IRS scrambles to prepare tax documents, refunds could be delayed

IRS scrambles to prepare tax documents, refunds could be delayed (Image 1)

The political wrangling over the Fiscal Cliff deal went down to the wire before Congress could strike a deal to avoid major tax increases for all taxpayers.

Now, the IRS is reviewing the details of the Fiscal Cliff legislation, assessing what effect the new tax laws will have on the 2012 filing season.

The April 15 deadline to file federal taxes is still months away, but many taxpayers who are owed refunds from Uncle Sam are eager to file early, hoping to get their checks that much sooner.

John Crow is Senior Tax Advisor at Humphres and Associates. He's been helping his clients with their taxes since the mid-70s.

“It was still a time when you could prepare a tax return by hand,” Crow reminisced.

Crow told Nashville's News 2 that most of the changes in the Fiscal Cliff bill won't take effect until the 2013 filing season.

However, uncertainty surrounding the negotiations now has the IRS scrambling to make sure the 2012 tax forms are ready and accurate.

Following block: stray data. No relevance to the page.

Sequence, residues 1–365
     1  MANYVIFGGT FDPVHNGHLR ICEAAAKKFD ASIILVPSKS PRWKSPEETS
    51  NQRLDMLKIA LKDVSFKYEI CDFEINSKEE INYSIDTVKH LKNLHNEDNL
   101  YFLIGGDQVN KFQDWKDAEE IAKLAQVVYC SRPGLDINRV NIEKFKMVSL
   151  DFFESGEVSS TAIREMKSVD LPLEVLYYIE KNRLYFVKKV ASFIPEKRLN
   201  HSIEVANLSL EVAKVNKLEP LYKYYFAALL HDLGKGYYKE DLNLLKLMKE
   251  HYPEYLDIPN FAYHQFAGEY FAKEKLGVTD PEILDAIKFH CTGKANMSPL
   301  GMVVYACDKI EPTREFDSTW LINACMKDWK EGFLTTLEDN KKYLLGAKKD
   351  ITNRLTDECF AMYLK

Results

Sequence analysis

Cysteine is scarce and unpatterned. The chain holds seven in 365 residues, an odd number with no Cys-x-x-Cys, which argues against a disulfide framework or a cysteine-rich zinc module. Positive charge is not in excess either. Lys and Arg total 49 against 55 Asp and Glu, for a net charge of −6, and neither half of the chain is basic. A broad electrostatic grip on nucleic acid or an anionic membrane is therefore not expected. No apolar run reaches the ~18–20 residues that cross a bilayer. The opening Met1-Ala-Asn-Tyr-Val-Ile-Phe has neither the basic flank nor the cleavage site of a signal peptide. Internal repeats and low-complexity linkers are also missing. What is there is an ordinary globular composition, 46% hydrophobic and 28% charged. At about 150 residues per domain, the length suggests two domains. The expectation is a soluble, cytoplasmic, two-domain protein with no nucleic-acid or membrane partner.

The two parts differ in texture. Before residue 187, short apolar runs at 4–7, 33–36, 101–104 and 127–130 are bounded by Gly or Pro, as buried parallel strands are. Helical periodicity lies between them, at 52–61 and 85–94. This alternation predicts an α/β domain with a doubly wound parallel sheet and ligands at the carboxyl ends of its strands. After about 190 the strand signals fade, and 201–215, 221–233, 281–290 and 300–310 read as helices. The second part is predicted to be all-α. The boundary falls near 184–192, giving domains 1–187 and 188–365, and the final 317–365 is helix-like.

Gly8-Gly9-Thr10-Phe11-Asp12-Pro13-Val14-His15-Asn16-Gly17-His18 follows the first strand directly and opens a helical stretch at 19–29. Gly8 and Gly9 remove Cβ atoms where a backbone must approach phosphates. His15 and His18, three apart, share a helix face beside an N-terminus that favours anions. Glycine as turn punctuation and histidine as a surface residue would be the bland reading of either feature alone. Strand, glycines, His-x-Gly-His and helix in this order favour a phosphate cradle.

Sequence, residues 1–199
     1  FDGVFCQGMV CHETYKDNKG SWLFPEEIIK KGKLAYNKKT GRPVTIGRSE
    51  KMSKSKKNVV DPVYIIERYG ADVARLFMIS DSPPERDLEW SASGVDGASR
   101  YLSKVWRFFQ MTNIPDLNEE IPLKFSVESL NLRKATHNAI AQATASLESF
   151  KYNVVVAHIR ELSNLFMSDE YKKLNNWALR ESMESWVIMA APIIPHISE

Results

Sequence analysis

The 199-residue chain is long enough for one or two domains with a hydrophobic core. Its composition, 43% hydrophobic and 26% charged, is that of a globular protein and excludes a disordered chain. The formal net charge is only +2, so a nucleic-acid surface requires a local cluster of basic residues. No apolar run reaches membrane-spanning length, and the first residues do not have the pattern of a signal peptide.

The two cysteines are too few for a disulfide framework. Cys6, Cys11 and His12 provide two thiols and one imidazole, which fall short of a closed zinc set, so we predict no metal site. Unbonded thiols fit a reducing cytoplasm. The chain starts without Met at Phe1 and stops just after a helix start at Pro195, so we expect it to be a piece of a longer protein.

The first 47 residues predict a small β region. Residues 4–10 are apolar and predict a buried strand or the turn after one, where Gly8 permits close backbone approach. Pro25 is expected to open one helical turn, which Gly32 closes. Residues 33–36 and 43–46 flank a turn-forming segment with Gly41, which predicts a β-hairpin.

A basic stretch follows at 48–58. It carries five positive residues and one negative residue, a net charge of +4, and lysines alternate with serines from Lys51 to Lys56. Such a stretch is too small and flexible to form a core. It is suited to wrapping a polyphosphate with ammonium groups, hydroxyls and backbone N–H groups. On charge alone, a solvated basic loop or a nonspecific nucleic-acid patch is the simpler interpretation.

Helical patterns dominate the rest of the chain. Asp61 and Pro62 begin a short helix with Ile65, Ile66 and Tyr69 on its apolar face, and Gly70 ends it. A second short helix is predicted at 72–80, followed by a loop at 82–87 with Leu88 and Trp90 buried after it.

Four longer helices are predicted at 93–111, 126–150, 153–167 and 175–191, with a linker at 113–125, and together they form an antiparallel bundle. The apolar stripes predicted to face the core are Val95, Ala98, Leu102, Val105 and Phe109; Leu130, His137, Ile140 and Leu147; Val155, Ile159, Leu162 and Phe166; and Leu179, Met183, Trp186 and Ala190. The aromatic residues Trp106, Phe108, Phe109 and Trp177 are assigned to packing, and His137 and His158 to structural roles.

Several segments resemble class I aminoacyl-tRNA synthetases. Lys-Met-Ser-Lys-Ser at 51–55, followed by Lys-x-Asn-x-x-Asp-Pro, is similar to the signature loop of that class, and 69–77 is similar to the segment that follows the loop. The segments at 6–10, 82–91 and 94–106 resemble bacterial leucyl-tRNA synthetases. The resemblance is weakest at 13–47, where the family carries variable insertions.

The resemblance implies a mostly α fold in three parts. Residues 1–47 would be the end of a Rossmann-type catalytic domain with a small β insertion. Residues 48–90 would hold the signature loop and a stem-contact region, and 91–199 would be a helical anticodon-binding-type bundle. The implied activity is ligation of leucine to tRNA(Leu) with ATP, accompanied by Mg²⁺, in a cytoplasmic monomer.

“What we're basically going to be looking at is primarily a delay in terms of making sure that all the forms have been revised and at least are in compliance with the tax provisions that have been extended,” Crow told Nashville's News 2.

According to the IRS, filing returns via e-file is the quickest way for taxpayers to get their hands on tax refund money.

Filing typically starts in mid-January, but so far the IRS hasn't announced when it will start accepting tax returns.

“We've already been notified by our software vendor that there's a major update and release of forms that we will be receiving on January 9, which leaves a very short window between that initial release of forms and that e-file filing date,” said Crow.

Taxpayers are not pleased at the prospect of delayed refunds.

“I think it stinks,” said Lynn Brading. “That means the government is making interest off my money that they're holding onto.”

If filing dates are in fact pushed back, it is likely that refund money could be delayed as well.

The IRS has faced similar situations in past years.

In 2010 tax season didn't start until mid-February because lawmakers did not finish a tax deal until mid-December.

In 1986, congress tackled a major tax overhaul which also had an impact on the start of filing season.

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